Every day in 2021, 166 Americans will find out they have pancreatic cancer.
That’s 60,430 people expected to be diagnosed with pancreatic cancer in this country this year. This is evident from the American Cancer Society (ACS) report on cancer data and numbers, released today.
This corresponds to an increase of 5% compared to the estimate of the previous year.
The report also says the five-year survival rate for pancreatic cancer remains at 10%, the same rate that hit double digits only last year.
When interpreting the survival rate given in this year’s Facts & Figures, it should be noted that the data represent patients diagnosed between 2010 and 2016, followed by 2017. We do not know exactly how the patients diagnosed today fare either individually or collectively can. However, we are confident that our efforts will continue to improve and extend patients’ lives.
“We are grateful to ACS for collecting, analyzing, and publishing this data each year,” said Julie Fleshman, JD, MBA, President and CEO of PanCAN. “But we know these aren’t just statistics. These numbers represent our friends, family members, co-workers, and neighbors. “
PanCAN’s vision is to create a world where all pancreatic cancer patients will thrive – including people who already have the disease and people who have not yet been diagnosed. Our PanCAN Patient Services team is there for everyone affected by pancreatic cancer, from patients and caregivers to family members and healthcare professionals who diagnose and treat patients with pancreatic cancer.
Where we are today
2020 was a year like no other that we have experienced before. The impact of the coronavirus pandemic on all aspects of society – including cancer diagnoses and deaths – remains to be seen.
But even in the middle of the pandemic, there is hope.
PanCAN is committed to providing reliable, personalized, free information and resources to patients, families and healthcare professionals. And even during a pandemic, thanks to you – our dedicated donors and fundraisers – we were able to offer our community uninterrupted support and services.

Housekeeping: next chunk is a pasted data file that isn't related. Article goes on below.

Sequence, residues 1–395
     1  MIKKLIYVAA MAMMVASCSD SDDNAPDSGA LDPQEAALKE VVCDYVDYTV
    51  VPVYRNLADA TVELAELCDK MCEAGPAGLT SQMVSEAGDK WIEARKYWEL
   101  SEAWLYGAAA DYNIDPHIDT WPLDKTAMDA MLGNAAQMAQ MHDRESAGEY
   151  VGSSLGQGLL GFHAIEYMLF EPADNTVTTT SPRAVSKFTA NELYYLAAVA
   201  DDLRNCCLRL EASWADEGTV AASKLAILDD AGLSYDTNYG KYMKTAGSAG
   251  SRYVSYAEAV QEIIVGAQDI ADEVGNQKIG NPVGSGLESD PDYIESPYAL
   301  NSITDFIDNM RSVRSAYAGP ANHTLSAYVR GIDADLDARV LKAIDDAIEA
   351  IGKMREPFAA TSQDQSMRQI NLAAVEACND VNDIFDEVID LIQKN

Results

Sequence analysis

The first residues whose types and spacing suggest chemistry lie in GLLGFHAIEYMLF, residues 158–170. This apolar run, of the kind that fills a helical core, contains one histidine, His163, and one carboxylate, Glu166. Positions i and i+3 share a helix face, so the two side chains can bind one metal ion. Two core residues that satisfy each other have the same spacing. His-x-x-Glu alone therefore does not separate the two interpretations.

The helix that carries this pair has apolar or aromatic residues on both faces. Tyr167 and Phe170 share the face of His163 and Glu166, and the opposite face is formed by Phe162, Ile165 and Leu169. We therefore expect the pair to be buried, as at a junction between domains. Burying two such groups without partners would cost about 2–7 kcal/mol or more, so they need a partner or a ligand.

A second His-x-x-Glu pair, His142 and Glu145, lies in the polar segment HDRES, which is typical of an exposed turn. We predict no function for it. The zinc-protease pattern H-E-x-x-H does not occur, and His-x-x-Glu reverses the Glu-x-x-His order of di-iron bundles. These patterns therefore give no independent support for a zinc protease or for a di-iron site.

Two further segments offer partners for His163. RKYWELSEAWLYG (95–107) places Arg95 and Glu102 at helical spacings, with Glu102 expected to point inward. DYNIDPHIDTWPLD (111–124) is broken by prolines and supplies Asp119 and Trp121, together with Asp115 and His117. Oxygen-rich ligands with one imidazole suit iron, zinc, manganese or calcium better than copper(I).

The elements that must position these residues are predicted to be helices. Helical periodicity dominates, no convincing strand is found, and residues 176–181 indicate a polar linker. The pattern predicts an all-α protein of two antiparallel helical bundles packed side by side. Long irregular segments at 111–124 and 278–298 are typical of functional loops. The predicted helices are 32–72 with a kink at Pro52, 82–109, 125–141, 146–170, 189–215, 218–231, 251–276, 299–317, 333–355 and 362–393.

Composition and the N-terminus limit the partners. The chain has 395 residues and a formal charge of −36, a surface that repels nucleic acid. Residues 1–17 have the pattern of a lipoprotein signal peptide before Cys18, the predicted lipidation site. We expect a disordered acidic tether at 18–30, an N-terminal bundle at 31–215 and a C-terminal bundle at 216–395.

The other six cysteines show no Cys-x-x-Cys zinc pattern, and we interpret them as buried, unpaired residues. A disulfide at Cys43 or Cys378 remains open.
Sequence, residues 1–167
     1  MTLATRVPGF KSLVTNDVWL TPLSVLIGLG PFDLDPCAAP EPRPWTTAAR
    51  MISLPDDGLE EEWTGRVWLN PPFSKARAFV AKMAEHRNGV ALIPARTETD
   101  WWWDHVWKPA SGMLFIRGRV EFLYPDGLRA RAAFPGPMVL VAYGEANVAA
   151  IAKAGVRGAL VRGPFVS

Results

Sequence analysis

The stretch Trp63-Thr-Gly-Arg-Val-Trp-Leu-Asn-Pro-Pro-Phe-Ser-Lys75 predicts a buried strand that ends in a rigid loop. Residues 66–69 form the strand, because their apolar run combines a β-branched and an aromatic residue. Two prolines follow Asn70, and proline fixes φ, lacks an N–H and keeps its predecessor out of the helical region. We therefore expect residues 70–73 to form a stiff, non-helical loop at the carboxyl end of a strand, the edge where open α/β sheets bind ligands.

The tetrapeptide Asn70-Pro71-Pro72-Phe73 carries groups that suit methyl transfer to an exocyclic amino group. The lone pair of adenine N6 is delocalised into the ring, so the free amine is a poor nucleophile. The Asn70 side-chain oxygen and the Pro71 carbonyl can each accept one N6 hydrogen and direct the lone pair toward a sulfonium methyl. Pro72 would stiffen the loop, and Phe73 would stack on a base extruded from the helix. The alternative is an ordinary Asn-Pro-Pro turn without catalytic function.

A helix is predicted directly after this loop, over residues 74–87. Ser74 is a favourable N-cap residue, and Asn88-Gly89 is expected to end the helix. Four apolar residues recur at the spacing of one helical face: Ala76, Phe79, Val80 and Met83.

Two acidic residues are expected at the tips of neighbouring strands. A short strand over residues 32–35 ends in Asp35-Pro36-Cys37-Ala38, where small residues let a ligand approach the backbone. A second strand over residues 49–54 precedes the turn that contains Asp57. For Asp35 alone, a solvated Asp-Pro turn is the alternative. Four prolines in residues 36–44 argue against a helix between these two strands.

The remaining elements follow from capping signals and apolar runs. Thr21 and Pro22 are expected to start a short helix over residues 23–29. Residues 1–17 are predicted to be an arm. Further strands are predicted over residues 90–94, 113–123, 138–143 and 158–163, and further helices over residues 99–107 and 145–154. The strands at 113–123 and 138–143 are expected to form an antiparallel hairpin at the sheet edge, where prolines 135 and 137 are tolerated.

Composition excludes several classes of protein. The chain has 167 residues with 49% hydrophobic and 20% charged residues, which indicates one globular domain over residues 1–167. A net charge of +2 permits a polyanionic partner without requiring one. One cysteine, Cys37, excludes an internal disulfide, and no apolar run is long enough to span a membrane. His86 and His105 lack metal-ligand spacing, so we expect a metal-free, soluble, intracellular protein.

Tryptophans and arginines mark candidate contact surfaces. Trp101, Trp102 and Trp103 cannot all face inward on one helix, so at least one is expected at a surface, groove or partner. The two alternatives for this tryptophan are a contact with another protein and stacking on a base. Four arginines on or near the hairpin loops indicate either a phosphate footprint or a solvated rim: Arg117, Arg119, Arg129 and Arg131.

One of these key resources is PanCAN’s Know Your Tumor® precision medicine service, which allows patients and their healthcare teams to conduct tests to uncover their unique biology. This information can serve as a guide to personalized patient care options that have been shown to help patients live longer.
“We are very proud that our program has shown, for the first time, a clear survival benefit for a precision medicine approach for patients with pancreatic cancer,” said Fleshman.
“The main takeaway from these findings is that patients don’t know if there are treatments that match their biology unless they’re tested. We and other organizations strongly encourage all pancreatic cancer patients to have biomarker tests of their tumor tissue and genetic testing for inherited mutations in order to identify the best treatment options for them. “
Patients who are aware of all treatment options – including standards of care, biology-based treatments, and clinical trials – are one way to improve the current 10% survival rate.
Where do we go
To further increase the survival rate of pancreatic cancer, we need to learn how to diagnose the disease earlier and treat better.
PanCAN is committed to addressing both challenges through our large-scale clinical initiatives made possible by our generous donors and supporters.
PanCAN’s Precision PromiseSM, which opened for patient enrollment in 2020, is working to develop new treatments for pancreatic cancer faster and at lower cost than standard clinical trials.
Eligible metastatic pancreatic cancer patients can enroll at locations in the United States. In addition to testing experimental therapies and combinations, Precision Promise will also evaluate supportive care interventions to define best practices. Supportive care helps maintain and improve the quality of life of patients, which can lead to longer survival.
PanCAN will not only work towards better treatment options and quality of life, but will also present its latest project, an early detection initiative, this year.
PanCAN’s screening initiative will determine whether people with a new diagnosis of diabetes would benefit from screening tests for pancreatic cancer, among other clinical features. The aim is to diagnose the disease at an early stage – when the tumor can be surgically removed – in patients screened by the study.
A longer-term goal of the study will be to partner with the National Cancer Institute to identify blood-based biomarkers that can help identify which people are at greatest risk of developing or already suffering from pancreatic cancer.
“PanCAN’s Precision Promise and Early Detection Initiative aims to transform the way pancreatic cancer is detected, diagnosed, treated and managed now and in the future,” said Fleshman.
“Working with our amazing volunteers, advocates, donors, and the health and research communities, we are committed to improving the lives of all those affected by this disease and are here to support the more than 60,000 people who experience it Year pancreatic cancer is diagnosed in our country. “